How Research Affects Policy: Experimental Evidence from 2,150 Brazilian Municipalities
AbstractCan research findings change political leaders' beliefs and policies? We use experiments with 2,150 Brazilian municipalities to measure mayors' demand for and response to research information. In one experiment, we find that mayors are willing to pay to learn the results of evaluation studies, and update their beliefs when informed of the findings. They value larger-sample studies more, while not distinguishing between studies in rich and poor countries. In a second experiment, we find that informing mayors about research on a simple and effective policy, taxpayer reminder letters, increases the probability the policy is implemented by 10 percentage points.
CitationHjort, Jonas, Diana Moreira, Gautam Rao, and Juan Francisco Santini. 2021. "How Research Affects Policy: Experimental Evidence from 2,150 Brazilian Municipalities." American Economic Review, 111 (5): 1442-80. DOI: 10.1257/aer.20190830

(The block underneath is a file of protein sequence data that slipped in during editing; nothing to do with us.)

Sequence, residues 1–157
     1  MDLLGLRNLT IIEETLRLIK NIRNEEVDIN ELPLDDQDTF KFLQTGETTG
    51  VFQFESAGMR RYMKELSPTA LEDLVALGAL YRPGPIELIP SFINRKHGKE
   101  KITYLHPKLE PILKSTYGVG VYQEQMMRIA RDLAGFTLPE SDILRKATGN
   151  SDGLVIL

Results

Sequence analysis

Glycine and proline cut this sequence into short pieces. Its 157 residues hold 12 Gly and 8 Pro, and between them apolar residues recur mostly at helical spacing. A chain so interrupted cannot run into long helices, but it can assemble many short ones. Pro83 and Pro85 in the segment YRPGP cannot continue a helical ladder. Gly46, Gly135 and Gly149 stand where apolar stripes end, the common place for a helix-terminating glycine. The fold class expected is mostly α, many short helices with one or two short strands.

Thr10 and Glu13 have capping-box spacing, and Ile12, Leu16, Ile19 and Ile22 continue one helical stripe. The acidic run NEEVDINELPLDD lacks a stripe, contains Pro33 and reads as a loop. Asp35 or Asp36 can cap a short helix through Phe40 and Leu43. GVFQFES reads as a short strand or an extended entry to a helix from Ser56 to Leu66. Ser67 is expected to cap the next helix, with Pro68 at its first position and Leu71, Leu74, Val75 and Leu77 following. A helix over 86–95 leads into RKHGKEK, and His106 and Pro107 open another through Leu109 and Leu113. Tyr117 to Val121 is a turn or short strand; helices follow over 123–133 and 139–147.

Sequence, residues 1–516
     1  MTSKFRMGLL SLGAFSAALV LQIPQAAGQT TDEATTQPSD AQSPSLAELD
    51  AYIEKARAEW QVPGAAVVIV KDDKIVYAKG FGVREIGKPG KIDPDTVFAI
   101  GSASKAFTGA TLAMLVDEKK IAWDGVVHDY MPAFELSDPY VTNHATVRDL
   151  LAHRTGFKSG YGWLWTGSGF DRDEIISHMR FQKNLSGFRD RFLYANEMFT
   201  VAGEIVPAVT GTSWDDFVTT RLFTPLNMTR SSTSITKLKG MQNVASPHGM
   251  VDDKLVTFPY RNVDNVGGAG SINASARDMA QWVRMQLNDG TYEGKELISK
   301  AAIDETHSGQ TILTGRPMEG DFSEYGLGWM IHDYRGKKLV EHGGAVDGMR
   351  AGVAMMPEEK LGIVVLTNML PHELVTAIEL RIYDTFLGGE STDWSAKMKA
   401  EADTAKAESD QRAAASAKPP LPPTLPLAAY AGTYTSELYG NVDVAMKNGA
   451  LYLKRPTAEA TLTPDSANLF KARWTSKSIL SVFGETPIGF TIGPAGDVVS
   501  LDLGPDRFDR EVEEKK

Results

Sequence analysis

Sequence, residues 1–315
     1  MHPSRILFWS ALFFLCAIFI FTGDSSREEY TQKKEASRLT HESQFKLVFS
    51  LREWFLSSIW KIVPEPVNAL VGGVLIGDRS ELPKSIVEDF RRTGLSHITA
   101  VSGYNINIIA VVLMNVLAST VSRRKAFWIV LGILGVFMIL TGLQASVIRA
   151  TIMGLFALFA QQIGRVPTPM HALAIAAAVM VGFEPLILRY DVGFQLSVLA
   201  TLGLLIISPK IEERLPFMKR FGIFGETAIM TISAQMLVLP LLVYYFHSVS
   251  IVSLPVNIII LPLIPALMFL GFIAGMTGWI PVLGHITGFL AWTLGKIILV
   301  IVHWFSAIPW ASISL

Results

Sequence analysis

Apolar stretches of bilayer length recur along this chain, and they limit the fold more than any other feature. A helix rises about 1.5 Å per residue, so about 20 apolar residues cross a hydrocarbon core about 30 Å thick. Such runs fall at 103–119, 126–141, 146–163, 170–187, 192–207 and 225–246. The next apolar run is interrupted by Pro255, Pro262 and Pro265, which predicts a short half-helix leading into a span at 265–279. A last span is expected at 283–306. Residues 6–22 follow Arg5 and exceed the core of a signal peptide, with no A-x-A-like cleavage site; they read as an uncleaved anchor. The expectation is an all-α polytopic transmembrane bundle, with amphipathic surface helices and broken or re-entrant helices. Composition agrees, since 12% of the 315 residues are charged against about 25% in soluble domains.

- D72 Political Processes: Rent-seeking, Lobbying, Elections, Legislatures, and Voting Behavior
- D78 Positive Analysis of Policy Formulation and Implementation
- D83 Search; Learning; Information and Knowledge; Communication; Belief; Unawareness
- O17 Formal and Informal Sectors; Shadow Economy; Institutional Arrangements
- O18 Economic Development: Urban, Rural, Regional, and Transportation Analysis; Housing; Infrastructure